Ask any role-playing game fan to describe The Witcher and youâ€™ll see their eyes mist over as they endlessly describe the subtle morality system that has arguably never been bettered by another game in the genre.
Ask them about the combat, however, and theyâ€™ll most likely ignore you and describe the vague moral compass of the story again - it just wasnâ€™t that memorable.
So the idea of a brawler based around the game's combat is an odd one, until you realise that The Witcher: Versus has about as much to do with the weighty role-playing series as Wicca has with pointy black hats.Tough decisions
The game sees you squaring off against hundreds, if not thousands, of players in head-to-head battles. You start by selecting from three character classes - Witcher, Sorceress, and Frightener. Their physical appearance and skill sets are different, but they effectively all play out the same way.
Once you've created a character, you challenge others of a similar rank using the Arena menu. Should your opponent accept the fight (either while youâ€™re online or away), the 2D bout is automatically resolved and then experience and cash is doled out.
As you gain levels you unlock new skills, upgrade existing ones, or purchase items that temporarily aid you in battle using either virtual or real currency.Tough fight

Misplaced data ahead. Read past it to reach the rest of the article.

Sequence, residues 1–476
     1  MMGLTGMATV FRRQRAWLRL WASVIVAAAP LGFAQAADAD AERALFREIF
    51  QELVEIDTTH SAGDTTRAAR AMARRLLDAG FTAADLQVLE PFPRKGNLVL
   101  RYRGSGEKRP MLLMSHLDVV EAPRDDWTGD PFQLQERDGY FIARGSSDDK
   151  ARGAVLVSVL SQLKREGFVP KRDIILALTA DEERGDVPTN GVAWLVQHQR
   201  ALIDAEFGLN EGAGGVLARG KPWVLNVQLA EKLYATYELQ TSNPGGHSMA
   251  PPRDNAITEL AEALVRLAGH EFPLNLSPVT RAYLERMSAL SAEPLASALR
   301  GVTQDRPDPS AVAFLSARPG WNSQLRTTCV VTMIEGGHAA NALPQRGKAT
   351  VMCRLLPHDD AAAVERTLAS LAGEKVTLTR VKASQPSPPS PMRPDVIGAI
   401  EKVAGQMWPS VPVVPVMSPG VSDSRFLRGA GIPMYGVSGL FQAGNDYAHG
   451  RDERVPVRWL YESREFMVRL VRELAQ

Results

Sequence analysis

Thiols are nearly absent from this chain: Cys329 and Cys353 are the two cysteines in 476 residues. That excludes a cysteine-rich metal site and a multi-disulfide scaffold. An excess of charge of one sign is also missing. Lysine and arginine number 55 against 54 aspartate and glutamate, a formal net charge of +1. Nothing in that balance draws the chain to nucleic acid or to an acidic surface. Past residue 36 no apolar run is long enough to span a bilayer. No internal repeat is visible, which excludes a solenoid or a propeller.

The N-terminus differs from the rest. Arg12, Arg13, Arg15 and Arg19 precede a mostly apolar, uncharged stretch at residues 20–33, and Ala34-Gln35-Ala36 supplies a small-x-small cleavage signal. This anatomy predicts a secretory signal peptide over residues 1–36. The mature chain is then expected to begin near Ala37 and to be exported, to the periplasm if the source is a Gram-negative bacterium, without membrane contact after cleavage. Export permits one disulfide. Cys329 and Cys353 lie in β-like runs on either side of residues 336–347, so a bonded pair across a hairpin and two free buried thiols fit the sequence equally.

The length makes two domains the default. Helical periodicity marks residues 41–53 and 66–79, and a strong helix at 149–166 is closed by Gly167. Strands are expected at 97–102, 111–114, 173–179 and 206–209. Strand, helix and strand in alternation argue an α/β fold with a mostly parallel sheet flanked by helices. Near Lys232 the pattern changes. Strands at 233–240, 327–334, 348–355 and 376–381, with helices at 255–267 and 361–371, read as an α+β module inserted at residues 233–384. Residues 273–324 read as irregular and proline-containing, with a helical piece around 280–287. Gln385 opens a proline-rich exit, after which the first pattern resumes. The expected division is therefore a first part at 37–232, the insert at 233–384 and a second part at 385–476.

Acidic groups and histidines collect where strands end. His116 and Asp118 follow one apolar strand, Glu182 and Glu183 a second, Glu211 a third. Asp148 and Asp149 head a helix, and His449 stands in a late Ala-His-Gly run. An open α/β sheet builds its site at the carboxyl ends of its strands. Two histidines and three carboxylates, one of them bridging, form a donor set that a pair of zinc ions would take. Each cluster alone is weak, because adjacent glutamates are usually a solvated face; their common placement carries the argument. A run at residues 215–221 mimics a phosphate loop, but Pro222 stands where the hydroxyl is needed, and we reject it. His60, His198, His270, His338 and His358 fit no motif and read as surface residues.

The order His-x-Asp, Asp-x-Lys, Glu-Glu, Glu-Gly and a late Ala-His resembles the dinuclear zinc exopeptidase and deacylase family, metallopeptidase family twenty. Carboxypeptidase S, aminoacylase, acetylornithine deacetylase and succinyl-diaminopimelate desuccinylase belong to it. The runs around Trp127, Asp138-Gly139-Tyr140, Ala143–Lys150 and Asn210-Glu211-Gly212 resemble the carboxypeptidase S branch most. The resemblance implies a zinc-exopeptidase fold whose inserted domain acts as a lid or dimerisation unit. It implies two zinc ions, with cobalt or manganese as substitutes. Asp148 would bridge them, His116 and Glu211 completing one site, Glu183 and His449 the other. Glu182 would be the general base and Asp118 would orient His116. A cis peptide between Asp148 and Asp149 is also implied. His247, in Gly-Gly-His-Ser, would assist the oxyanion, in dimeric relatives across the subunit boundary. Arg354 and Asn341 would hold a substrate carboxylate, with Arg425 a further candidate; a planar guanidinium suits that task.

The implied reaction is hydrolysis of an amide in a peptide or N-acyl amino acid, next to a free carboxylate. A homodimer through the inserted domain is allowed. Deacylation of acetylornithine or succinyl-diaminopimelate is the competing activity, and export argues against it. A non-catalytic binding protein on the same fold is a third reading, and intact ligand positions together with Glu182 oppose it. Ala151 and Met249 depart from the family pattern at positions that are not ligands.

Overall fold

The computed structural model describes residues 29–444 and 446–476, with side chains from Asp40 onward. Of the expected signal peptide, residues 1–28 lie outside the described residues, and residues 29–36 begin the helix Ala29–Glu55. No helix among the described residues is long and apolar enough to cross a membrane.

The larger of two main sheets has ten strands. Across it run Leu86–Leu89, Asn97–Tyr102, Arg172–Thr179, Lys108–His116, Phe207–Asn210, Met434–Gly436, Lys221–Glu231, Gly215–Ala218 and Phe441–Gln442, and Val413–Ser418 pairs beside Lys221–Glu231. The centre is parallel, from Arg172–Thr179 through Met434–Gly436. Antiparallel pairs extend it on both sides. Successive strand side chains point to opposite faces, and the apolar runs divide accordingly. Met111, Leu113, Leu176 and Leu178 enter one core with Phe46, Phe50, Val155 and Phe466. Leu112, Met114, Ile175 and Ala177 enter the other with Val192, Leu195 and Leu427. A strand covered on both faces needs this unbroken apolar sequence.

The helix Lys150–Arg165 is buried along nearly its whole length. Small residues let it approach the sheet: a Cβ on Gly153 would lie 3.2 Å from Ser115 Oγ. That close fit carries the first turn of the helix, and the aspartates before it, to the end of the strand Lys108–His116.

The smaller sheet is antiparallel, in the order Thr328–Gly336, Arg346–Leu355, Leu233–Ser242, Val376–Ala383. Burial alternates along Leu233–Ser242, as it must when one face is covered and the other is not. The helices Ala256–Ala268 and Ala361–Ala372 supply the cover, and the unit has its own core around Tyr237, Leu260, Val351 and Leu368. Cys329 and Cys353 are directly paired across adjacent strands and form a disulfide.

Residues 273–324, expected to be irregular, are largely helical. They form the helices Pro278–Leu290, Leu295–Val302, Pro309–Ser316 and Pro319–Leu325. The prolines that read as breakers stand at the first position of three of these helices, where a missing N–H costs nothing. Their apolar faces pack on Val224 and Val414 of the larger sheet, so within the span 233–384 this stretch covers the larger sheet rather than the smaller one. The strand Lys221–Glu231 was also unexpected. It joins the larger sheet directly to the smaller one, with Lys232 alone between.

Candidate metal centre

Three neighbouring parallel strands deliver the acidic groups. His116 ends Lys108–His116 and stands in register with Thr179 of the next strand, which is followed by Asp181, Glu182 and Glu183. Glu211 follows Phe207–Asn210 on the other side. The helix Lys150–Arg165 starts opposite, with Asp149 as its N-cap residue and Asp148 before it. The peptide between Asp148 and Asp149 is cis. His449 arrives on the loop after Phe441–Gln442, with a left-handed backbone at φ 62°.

Combat isnâ€™t quite what youâ€™d expect from a role-playing game spin-off, taking the form of a of rock-paper-scissors.
Before each battle, you and your opponent pick a sequence of defensive and offensive moves that fall into three categories: Strong, Fast, and Magical. Your characters then take turns executing the sequence you laid out until one dies or time runs out.
Should you pick the same type of move as your opponent, whomever was the attacker misses. So if you pick a fast move for your second attack, and I pick a fast defensive on my second defence, you miss and Iâ€™m laughing.Tough luck
Despite this simplicity, The Witcher: Versus looks and plays rather well thanks to some smooth animations, well-paced levelling, and the ability to fire over a challenge, set up your moves, and come back in your own time to see the results.
It is, however, still a glorified game of rock-paper-scissors and despite all the trimmings youâ€™re essentially picking a random selection of icons and hoping for the best.
If there was an easy way of seeing move summaries of your opponentsâ€™ last few fights, better stats for what skills theyâ€™ve upgraded, or just a way of noting the moves quickly from fights youâ€™ve already fought, then the game wouldn't feel so random.
As it is, The Witcher: Versus ends up sitting in that grey area of games: it's polished and can be great fun at first, but it's too reliant on luck to be more than a passing distraction.